John Lennon Once Explained Why The Beatles Reunion Would Never Happen, And He Was 100% Right


John Lennon and the Beatles gave their fans a rare gift – a sustained creative peak that began almost as soon as the band debuted and lasted until their breakup. The Fab Four moved from writing sugary pop melodies to longer experimental songs. John even bragged that he pioneered a recording tour before anyone else. Fans were surely yearning for a reunion when they disintegrated in 1970, but John was right when he explained why the Beatles had no chance of reuniting.

John Lennon (left) and Yoko Ono | Mondadori Portfolio by Getty Images

John Lennon Once Explained Why The Beatles Had No Chance To Reunite: “That’s The Way It Is”

If the past 60 or so years have shown us anything, it’s that the Beatles have created music that seems destined to endure. They proved equally capable of writing short, sweet pop songs like “I Want to Hold Your Hand” and first wave psychedelic rock like “Tomorrow Never Knows”.

Yet as the 1960s progressed, the pressure to continue producing hits remained. Internal tensions mounted and the foundation of the Fab Four began to crack. Lennon and Paul McCartney continued to write most of the material, which caused some frustration for budding songwriter George Harrison. Ringo Starr was bored recording 1967 sergeant. Pepper’s Lonely Hearts Club Band as he felt more like a session musician.

John knew the end was approaching long before it arrived in 1970, as Express reported:

“[B]Back when the Beatles were at their peak, we were shrinking down to size. We were limiting our ability to write and play by adapting it to some kind of format, and that’s why it caused problems. I knew I wouldn’t do the same. It does not work like that. It’s like a rugby team. Sometimes it’s enough to get married and leave the boys on a Saturday night. It’s like that.

John Lennon explains why the Beatles had to break up

John, who once likened the Beatles breakup to falling in love, never intended for the Beatles to reunite, and it was the right call to make.

John made the right choice by shooting down a Beatles reunion

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The aftermath of the 1970 split made it clear that the Beatles couldn’t have stayed together any longer.

They all had solo albums in the works, reporting that each member was anticipating and even looking forward to the split. Paul released his first solo album before the official split from The Beatles. (Which led to him kicking Ringo Starr out of his house). Ringo released two albums in 1970, one of which beat Macca’s first salvo to stores. John and George made their solo debuts the same year.

Reuniting as the Beatles in the 70s would have been incredibly lucrative, but John said there was no way to piece the puzzle together once they took it apart, per Express. “[P]personally, I see no reason to form this group again. Paul has his new band, I have a new band, no doubt George will have a band and Ringo will have a band.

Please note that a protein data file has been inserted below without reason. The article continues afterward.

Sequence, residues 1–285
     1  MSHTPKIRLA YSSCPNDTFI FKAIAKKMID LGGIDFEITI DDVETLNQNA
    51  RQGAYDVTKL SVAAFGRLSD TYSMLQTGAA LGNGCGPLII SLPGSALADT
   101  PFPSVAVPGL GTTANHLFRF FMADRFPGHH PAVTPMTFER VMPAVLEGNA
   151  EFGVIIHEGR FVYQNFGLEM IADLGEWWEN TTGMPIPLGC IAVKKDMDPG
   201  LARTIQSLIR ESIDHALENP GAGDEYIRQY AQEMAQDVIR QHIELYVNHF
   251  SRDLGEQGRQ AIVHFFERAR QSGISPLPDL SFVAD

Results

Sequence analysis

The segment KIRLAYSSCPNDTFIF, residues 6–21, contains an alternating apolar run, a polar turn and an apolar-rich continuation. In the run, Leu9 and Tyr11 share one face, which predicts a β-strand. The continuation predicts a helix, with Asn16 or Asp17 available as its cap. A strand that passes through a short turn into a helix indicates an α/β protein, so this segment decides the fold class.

John was right to dismiss talk of reuniting soon after the split.

Each Beatle ultimately being in charge of their own work satisfied their personal creative interests. John and Paul didn’t have to share writing credits. George didn’t have to fight to get his songs onto albums, and Ringo had the opportunity to escape the shadow of his bandmates. Once they tasted that freedom, starting to collaborate again wouldn’t have seemed natural.

Plus, the Beatles have done a lot together in a relatively short time.

The quartet toured, recorded albums, shot films, made talk show appearances and held endless press conferences almost non-stop from 1962 to 1966. They traded touring for intensive studio experimentation in 1966 Flagship albums such as Revolver, sergeant. Pepper’s Lonely Hearts Club Bandand Abbey Road succeeded. Their time together seemed short, but it was intense.

Bringing the Fab Four together would have been a rude decision

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Above all, a Beatles reunion would have seemed gross, especially the longer they expected.

Getting back together in 1971, even for a one-off performance, would have seemed too soon. John’s Lost Weekend began in mid-1973, a year in which Paul released two albums with Wings. george extinct Living in the material worldand Ringo released his self-titled third solo album that year.

John pledged to be a family man when he emerged from his lost weekend in 1975. The Beatles were 10 years in the past when he started making music again in 1980 after a hiatus from five years. At the time, John and the Beatles’ reunion would have seemed like a cash grab, no matter how sincere the intentions. They protected their noble heritage by not getting back together.

John closed the door on his reunion with the Beatles shortly after their breakup, and it was the right call.

The Beatles reunited on one album – sort of

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Ringo once contributed to another band’s classic album without picking up his drumsticks. ringowhich achieved gold status from the Recording Industry Association of America shortly after its November 1973 release and remains the drummer’s only platinum record, saw all members of the Fab Four contribute.

John wrote the album opener “I’m the Greatest”, on which he played piano and George played guitar. George wrote three songs: “Sunshine Life for Me (Sail Away Raymond)”, “You and Me Babe” (featuring Mal Evans), and the No. 1 Billboard single “Photograph”, which he co-wrote with Ringo. Paul wrote “Six O’Clock” for the album.

John Lennon said reuniting the Beatles after their breakup would never happen. He was 100% right to stick to his guns so each of the Fab Four could move on.

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